UEFA has fired a powerful warning shot across the bows of Gianni Infantino over his contentious competitions revamp but left FIFA’s president valuable room for compromise at a showdown meeting next month.
The world federation supremo angered Europe’s governing body last spring when he surprised FIFA Council with his revelation of a $25bn Saudi-underpinned proposal fronted by the Japanese investment conglomerate Softbank.
For Infantino his work on a revamped Club World Cup and an all-new global nations league had been confidential; critics considered it suspiciously secretive.
Aleksander Ceferin, president of UEFA which is fiercely protective of its pre-eminent Champions League, has insisted recently that he knew no details of the Softbank proposal.
This was surprising. Last December FIFA had reported a first meeting of a task force representing all its six confederations – including UEFA – “for analysing the possibility of establishing an overhauled FIFA Club World Cup, as well as a worldwide Nations League.”
UEFA plainly knew more than Ceferin would concede publicly. That became clear last night when its policy-defining Professional Football Strategy Council stated that the “new FIFA competition proposals [have been] deemed unacceptable.”
A blunt statement said that UEFA and delegates from the European Club Association and the European Leagues “were of the unequivocal view that any decision on potential new competitions can only be made as part of an agreed framework for the international match calendar post-2024.”
In a further warning to Infantino not to hide anything or try to play off one sector against another, UEFA added: “All related sporting and commercial matters must be fully disclosed and discussed among professional football stakeholders beforehand.”
Interestingly, one member of the strategy council did not sign up: the international players’ union FIFPro.
The timing of the UEFA meeting and its conclusion was significant because a report from Infantino’s taskforce is due for review by FIFA Council in Miami on March 14-15. UEFA commands only eight of the 35 council members and other confederations have been supportive of Infantino’s proposals. However, they will be wary of upsetting Europe which generates more than 90pc of the game’s worldwide revenues.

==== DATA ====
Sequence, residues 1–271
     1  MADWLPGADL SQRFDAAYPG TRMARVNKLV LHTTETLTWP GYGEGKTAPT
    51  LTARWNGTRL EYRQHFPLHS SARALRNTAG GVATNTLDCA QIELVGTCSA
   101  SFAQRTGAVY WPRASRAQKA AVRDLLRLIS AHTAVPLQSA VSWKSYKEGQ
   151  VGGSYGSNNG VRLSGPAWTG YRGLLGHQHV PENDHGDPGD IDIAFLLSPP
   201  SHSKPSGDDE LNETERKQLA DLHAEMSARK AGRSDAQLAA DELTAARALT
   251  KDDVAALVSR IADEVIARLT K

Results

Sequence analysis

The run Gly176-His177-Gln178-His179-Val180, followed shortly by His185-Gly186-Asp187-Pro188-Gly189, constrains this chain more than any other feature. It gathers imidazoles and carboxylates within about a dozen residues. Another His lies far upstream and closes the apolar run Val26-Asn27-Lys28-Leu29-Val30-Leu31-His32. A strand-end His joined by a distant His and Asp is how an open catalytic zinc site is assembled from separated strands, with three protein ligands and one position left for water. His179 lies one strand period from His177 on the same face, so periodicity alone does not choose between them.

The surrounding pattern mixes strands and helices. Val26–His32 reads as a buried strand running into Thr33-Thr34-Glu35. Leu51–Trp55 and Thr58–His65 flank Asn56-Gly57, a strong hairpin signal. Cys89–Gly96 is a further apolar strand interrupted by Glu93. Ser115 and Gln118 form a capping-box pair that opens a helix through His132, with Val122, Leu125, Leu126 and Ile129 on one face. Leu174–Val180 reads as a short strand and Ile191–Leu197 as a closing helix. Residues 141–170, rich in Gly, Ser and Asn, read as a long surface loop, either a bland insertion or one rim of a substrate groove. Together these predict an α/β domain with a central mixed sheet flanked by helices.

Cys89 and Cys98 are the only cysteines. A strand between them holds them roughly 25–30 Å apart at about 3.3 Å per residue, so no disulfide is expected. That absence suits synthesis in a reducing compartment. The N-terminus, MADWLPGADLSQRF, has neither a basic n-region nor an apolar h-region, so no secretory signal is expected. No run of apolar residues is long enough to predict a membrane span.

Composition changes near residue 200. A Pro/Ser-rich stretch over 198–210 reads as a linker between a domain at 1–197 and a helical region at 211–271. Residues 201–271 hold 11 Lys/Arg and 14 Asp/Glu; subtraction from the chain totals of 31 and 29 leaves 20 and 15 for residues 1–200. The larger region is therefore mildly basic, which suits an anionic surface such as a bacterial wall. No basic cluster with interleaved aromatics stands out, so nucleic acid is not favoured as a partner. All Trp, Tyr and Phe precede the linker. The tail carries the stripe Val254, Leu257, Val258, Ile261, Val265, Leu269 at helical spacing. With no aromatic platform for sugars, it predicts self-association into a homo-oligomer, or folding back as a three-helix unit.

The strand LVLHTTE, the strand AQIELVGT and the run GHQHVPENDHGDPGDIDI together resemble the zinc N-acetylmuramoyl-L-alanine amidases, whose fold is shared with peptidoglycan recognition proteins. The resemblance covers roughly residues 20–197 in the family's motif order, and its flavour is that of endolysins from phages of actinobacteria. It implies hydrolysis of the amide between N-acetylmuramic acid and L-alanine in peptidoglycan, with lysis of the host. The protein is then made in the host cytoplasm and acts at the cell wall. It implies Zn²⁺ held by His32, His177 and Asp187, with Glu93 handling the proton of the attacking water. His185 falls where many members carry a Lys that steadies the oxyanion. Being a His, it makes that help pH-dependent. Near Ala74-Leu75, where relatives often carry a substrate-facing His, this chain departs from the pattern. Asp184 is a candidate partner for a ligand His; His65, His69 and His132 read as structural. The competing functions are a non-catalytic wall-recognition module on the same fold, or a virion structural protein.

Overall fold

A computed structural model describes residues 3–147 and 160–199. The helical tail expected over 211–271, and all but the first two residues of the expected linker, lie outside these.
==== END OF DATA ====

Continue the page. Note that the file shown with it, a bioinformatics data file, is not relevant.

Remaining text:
One chink of light for compromise was UEFA’s indication that it might be willing to consider refined proposals beyond 2024.
Infantino had hoped to rush through approval for his new competitions at an emergency meeting of FIFA Council ahead of the World Cup in Russia last year. It never took place. Instead, he had to settle for a meeting with confederations delegates which agreed on the concept of a task force to study all the options.
European concerns grew after reports that, though FIFA would hold 51pc of a joint management company, it would hand over a majority of its broadcasting and digital rights.
Ceferin used the platform of a European Union policy debate to caution: “As long as I am UEFA president there will be no room for pursuing selfish endeavours or hiding behind false pretences. I cannot accept that some people who are blinded by the pursuit of profit are considering to sell the soul of football tournaments to nebulous private funds.
“Money does not rule – and the European sports model must be respected. Football is not for sale.”
In October FIFA Council formally set up the taskforce which held its first formal meeting in December under the chairmanship of joint deputy secretary-general Zvonimir Boban.
The former Croatia captain was clear about the advantages in a question-and-answer session last month at AIPS Congress in Lausanne.
Boban said: “There are many commercial organisations which organise matches for European clubs in the summer. So no-one should object to the Club World Cup in the summer because it will not make money for these businesses but for the clubs and for the game of football.”
As for a global nations league, Boban said that the value of the concept had been demonstrated by UEFA’s own inaugural event. He envisaged each confederation organising its own nations league topped off by a short title-winning tournament.
Ceferin was not to be soft-talked. He told this month’s UEFA Congress, with Infantino in the audience: “By telling FIFA that we disagree with their current proposals on the Global Nations League and the Club World Cup, we show them respect and we show respect to football, the game we love and the game we must protect.
“We sincerely hope that FIFA will also show us respect by listening to our views … UEFA and European football deserve to be respected.”
Now UEFA’s strategy council has repeated and underlined Ceferin’s message.
Infantino was elected as FFA president in 2016 on a manifesto of World Cup expansion and a massive increase in development funding. He stands for re-election in June but without ballot-day pressure: the deadline for nominations has passed. He is the only candidate.
That happy coincidence offers Infantino and UEFA a diplomatic breathing space in which to avert a schism – to everyone’s ultimate profit.